Getting Published: How to Write a Winning Book Proposal

Writing a winning book proposal is an essential part of getting published.

You obviously need to put your best foot forward when presenting yourself to prospective agents and publishers.

Ideally you want to work with someone who has experience in selling and packaging books or someone who has a fresh eye and isn’t so close to the material, such as a writing or book coach, or even an agent, in order to create the best proposal possible. However, you can get off to a good start by following the book proposal writing guidelines below:

Front Cover — It’ best to have a designer create a sample cover for you, one that fits with the genre/subject of your book (note: the publisher is highly unlikely to ever use this as your book cover but by using a powerful image you can help better present your work.)

Table of Contents  — This is the detail of your Book Proposal, not the T.O.C for your actual book. Leave the creation of this until the last minute, when you actually know for sure what elements you will be including in your proposal.

Book Overview — Write a 1 – 2 page description (in third person) about what happens in the book, covering story arc, resolution, solution for the non-fiction reader, etc. Look at book cover copy to give you a guide. This is your “pitch,” it needs to excite, entice, and show that you have clarity around the progression of your work and that you have a complete, vs. half-baked, idea.

Target Audience — Before you can provide information on the potential size of your readership, firstly you need to know who they are. If your book is fiction, look for themes in your work that might interest certain groups, such as the history in relation to the major locations where the book is set, an activity (shopping, sailing, skiing, sex), relevant groups such as nannies, gardeners, chauffeurs, ex-pat’s — providing your book relates to the story of someone in one of these professions/demographic groups.

Similarly, for a non-fiction book, identify the group for whom the book provides a solution and then all of the potential sub-groups or influencers of your target audience, for example: Your book is about overcoming divorce from a woman’s perspective, your primary target audience is therefore female divorcees. Influencers might include family therapists, counselors, priests, female friends, family members and other divorce experts.

Once you’re clear on who you are targeting, start to find statistics through online research to show how big your potential audience might be, and use these statistics in your proposal as supporting evidence.

About the Author  — This section is also typically written in third-person, e.g:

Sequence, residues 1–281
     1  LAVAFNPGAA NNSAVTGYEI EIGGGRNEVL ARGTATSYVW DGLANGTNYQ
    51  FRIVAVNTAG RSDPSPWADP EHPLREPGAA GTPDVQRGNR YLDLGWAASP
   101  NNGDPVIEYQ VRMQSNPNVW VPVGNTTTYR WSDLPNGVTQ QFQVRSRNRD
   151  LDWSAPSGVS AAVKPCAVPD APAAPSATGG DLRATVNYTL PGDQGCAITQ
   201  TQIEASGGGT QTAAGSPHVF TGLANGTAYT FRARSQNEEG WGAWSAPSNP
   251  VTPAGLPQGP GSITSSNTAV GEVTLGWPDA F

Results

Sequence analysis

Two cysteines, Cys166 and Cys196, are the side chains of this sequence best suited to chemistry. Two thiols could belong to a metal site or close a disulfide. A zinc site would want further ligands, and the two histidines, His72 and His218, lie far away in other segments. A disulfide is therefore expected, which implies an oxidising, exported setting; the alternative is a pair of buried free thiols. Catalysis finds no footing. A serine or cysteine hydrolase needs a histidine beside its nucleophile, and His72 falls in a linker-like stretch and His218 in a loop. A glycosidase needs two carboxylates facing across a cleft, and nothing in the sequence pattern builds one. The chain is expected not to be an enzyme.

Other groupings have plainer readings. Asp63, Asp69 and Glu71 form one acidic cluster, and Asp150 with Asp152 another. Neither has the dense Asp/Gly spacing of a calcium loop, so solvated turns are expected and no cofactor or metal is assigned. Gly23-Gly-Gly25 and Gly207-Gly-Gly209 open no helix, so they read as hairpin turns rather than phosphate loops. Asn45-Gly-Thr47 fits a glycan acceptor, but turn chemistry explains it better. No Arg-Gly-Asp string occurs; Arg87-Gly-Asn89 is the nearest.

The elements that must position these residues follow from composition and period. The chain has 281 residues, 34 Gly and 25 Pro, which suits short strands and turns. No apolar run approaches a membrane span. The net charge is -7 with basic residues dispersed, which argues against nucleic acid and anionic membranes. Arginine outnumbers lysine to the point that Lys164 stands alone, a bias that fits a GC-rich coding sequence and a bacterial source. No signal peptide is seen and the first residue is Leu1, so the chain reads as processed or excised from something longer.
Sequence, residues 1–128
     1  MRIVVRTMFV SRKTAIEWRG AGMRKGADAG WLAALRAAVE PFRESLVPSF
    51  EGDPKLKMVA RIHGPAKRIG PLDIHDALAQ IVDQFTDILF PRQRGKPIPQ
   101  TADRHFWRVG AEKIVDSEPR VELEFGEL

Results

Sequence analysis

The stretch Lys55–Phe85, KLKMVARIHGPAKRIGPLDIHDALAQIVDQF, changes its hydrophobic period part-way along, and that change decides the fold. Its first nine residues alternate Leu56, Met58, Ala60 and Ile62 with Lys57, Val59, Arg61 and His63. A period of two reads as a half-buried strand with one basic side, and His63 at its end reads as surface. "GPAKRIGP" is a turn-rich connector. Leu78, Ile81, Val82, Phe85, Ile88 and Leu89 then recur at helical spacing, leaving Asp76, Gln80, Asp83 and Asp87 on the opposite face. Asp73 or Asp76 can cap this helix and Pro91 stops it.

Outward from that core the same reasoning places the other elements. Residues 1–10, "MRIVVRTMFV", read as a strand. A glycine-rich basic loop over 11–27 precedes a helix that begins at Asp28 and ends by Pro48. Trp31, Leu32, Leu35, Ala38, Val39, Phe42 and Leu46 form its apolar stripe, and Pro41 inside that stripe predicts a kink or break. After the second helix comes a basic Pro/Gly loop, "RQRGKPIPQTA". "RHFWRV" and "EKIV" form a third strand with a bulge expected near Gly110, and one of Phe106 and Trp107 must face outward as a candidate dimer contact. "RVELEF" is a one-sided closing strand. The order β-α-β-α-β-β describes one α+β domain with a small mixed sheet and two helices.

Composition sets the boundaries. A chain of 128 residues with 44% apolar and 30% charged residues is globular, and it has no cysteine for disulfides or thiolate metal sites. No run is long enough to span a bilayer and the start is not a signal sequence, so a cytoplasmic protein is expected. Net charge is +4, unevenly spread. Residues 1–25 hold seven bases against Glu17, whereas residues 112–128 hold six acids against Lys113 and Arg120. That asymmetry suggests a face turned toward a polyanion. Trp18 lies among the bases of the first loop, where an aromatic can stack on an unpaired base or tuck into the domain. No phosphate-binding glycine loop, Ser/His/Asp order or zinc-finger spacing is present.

“Adams is an experienced public speaker and a multiple award-winning author whose works have been translated into Chinese, Japanese and Spanish. Her latest book takes a humorous look at our addiction to modern technology.”

Your need to focus on including information relevant to your skill set as an author, rather than what grades you got in college! Such as: public speaking, your networks, professional organizations, prior media experience, any previously published works, awards or foreign translations and why you are qualified to write this book if it’s non-fiction.  I also recommend you include a good quality author photograph and your website address.


Examples of Author Photographs – Bad vs. Great:

This author looks like right a Smart Aleck. His hand seems to be required to support his enormous brain and the image is dark, pooly lit and makes him seem inaccessible and unprofessional. NOT what you are aiming for!

This is a lovely, warm, inviting author photo. High-resolution, well-lit and professional. You feel like you’d want to meet her. Exactly what you are aiming for!

If you have previous media experience, bestseller status, awards, a mailing list of 500,000 or a 20,00o Twitter following, anything that makes your stand out from the rest, then include it here. You can always include good quality graphics of press articles, or put in the logo’s of the key media you have worked with here and in the following pages.

Proposed Marketing — Aim to include a realistic amount of marketing activity that you as the author will take responsibility for during a specific timeframe, e.g. the first 12 – 18 months after the book’s launch.

There are so many ways to market your book, the question isn’t really how, but how much? And this questions also refers to how much time and money you actually have to invest in marketing. Typically I recommend apportioning 20% of your advance to marketing and PR. If you are self-publishing you would expect to put aside somewhere between $2,000 – $20,000 for this purpose. You don’t have to spend it all at once, but over the course of the promotional period — 6 months prior to publication to 18 months after the pub date.